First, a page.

Another interesting thing is that in the novel the movie was based on, and in the movie's original script, Susan ends up sleeping with Henry after she finds out about the babysitter's pregnancy test. I don't think leaving it in would've improved the movie but it's interesting to speculate how it might signify to us differently if they had.

Anyway, thanks for writing this post - it's one of my favourite things to watch/write about/debate political movies, and I just got my fix for the day!

Let me clarify: I liked a lot

Let me clarify: I liked a lot about Game Change and The Iron Lady, and parts of Primary Colors, it's the pattern of themes and messages that I see in them that makes me start thinking about why they keep characterizing women in this way.

I think Julianne Moore took great pains to make Sarah Palin sympathetic, in that this huge juggernaut of politics lands in Juneau and immediately starts to try controlling her. It was absolutely opportunistic and cruel, and at the same time Palin herself was used to getting what she wanted out of her political power. When I had occasion to see the Alaska State Capitol Building up close, during a trip to Alaska in 2009, I was struck by how very far away the state is, how unattached to a sense of nationalism is out there, and how teeny tiny the capitol city (and Capitol) were. I turned to my partner and said, "I can just see McCain's people coming into town on a sea plane and their jaws dropping, and saying, 'Oh my god this is a mistake.'" And then voila, that line is in the movie!

In future posts, I'm going to take a close look at the women in The West Wing and the short-lived series Commander in Chief.


Very much looking forward to it. Am a big WW fan but the more I watch it the more problematic aspects I find. And I hate, hate the Josh/Donna thing. So I definitely know what you mean about liking something and also understanding its flawed representations.

Have you watched the movie The Contender with Joan Allen? That's another one with interesting gender dynamics that speaks to issues around how women's behaviour is scrutinized on a different level than men. She plays a woman who faces a sex scandal while being nominated for Vice President. I don't actually enjoy it as much because I think the acting and dialogue is only so-so, but it's interesting.

I just finished watching Game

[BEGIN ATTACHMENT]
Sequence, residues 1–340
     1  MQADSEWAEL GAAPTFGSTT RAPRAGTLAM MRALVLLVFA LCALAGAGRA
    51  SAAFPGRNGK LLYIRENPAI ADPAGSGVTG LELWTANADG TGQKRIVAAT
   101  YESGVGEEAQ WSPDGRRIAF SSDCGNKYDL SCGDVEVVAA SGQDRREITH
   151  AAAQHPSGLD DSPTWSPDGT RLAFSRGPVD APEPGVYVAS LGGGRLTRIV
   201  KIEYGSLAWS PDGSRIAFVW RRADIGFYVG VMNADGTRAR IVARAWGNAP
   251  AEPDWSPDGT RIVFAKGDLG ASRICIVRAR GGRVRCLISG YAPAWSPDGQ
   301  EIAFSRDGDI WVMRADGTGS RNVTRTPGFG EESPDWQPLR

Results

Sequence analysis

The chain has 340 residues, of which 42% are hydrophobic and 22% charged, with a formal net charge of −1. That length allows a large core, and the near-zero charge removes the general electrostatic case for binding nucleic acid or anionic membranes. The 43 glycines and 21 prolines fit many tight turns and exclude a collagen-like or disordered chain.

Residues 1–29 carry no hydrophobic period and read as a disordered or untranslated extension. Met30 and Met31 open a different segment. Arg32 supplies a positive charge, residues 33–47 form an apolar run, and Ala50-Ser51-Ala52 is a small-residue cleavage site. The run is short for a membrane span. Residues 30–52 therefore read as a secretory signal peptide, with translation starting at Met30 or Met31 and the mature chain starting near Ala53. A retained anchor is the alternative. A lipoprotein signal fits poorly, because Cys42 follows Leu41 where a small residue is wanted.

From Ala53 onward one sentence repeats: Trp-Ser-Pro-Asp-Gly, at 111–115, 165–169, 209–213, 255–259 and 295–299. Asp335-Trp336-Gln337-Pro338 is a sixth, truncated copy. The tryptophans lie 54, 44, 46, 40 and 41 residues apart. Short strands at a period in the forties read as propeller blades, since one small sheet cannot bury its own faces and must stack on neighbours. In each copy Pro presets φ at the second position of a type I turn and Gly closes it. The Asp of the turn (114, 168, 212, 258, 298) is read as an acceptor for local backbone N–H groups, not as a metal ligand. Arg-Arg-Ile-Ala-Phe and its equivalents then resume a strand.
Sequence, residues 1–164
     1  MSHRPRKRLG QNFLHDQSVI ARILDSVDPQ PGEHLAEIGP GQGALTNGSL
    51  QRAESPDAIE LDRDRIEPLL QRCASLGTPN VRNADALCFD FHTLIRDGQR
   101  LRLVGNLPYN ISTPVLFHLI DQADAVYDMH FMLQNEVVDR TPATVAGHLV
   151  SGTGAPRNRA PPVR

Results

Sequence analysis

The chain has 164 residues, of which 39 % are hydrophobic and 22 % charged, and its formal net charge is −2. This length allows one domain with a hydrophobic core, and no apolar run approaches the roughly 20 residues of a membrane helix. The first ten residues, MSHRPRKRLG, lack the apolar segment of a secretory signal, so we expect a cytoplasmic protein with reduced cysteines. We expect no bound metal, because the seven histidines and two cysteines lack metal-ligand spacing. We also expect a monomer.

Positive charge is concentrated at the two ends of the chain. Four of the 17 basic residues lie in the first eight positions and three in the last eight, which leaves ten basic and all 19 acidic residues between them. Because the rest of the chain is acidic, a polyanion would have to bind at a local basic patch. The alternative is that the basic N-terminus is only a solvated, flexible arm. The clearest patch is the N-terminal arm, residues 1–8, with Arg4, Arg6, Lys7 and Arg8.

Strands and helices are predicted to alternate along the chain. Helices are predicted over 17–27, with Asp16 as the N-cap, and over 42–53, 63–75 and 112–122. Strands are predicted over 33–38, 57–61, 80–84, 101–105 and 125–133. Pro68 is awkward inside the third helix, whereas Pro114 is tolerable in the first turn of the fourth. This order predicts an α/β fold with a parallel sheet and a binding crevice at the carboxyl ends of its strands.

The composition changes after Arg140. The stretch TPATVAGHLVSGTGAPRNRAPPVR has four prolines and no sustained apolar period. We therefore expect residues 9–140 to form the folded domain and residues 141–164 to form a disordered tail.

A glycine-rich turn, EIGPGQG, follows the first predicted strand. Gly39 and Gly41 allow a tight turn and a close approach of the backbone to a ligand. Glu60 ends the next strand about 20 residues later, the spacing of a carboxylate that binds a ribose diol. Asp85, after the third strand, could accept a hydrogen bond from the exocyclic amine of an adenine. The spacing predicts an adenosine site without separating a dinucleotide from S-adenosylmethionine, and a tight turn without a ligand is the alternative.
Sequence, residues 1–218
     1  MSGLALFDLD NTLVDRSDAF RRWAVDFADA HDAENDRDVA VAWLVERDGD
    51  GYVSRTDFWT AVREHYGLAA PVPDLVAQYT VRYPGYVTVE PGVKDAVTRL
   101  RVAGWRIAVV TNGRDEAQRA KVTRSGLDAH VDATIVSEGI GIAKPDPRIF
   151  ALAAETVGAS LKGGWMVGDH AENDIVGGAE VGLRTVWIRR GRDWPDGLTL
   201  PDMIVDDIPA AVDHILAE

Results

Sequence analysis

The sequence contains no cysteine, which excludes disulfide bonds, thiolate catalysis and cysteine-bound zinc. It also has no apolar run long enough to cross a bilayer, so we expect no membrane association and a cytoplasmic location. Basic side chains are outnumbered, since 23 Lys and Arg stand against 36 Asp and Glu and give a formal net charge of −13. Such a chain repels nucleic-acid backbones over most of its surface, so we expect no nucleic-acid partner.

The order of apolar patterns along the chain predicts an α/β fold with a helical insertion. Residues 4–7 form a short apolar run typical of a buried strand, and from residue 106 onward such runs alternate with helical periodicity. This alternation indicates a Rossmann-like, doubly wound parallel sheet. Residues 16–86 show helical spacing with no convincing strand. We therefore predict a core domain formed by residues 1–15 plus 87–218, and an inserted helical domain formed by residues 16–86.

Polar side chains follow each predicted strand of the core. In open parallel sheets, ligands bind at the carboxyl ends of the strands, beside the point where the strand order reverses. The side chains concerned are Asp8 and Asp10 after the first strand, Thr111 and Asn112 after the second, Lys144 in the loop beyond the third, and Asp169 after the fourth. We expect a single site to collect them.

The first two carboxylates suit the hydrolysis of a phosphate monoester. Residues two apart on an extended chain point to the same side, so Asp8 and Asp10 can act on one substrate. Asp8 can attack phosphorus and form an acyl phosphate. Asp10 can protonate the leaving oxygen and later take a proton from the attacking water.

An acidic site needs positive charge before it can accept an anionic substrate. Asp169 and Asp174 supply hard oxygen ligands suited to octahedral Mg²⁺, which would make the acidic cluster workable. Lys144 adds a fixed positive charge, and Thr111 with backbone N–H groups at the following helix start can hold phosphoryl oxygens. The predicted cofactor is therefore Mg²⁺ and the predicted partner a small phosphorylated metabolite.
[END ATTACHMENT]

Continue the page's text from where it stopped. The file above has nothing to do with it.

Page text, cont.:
I just finished watching Game Change tonight. There were two scenes in particular -- right after Palin's speech when she accepted the VP nomination, and while she was debating Joe Biden -- that just really reminded me of <I>My Fair Lady</i>. When the committee starting cheering in relief as she "hit her notes," all I could think of was Professor Henry Higgins and Colonel Pickering merrily congratulating each other on Eliza's success at the ball. In fact, in general, the entire story arc of Palin (as presented in Game Change) very much reminded me of Eliza Doolittle's story arc in Game Change.

I really liked Game Change. It actually made me feel a little more sympathetic to all parties involved. My biggest beef with Sarah Palin's acceptance of the VP nomination is that she wasn't self-aware enough to realize she wasn't qualified. I don't know if their depiction of her crumbling under the pressure was accurate -- the panic attacks and shutting down -- but if those depictions were accurate, I wish she (or someone close to her) would have recognized that she didn't have the strength of character to deal with a national spotlight.

The ability to handle fame and scrutiny is not, in my opinion, a gender-specific trait. Whether or not that was what Game Change intended, I didn't see her emotional break-downs as feminine weakness. I saw it as an inability to handle the pressure -- like Nixon's crippling paranoia. I will acknowledge, however, that those break-downs would probably not have been as damaging to other people's perceptions of her if she'd been a guy experiencing exhibiting that sort of stress.

I completely agree with this

I completely agree with this post. I would say though the reaction to Palin that is portrayed in the movie is very patriarchal. Like when they decide the should fly in her kids because she needs them. If it had been a man in the same scenario, it is not likely they would have thought that said male needed his kids. They would have tried to remedy the problem and underlying issues (and maybe would have come to the source of the problem sooner). Instead, the team seems to place her weakness solely on her rural, femininity rather than based solely on her merits and capabilities. That I think is the most interesting part of this movie, because it certainly displays it very well.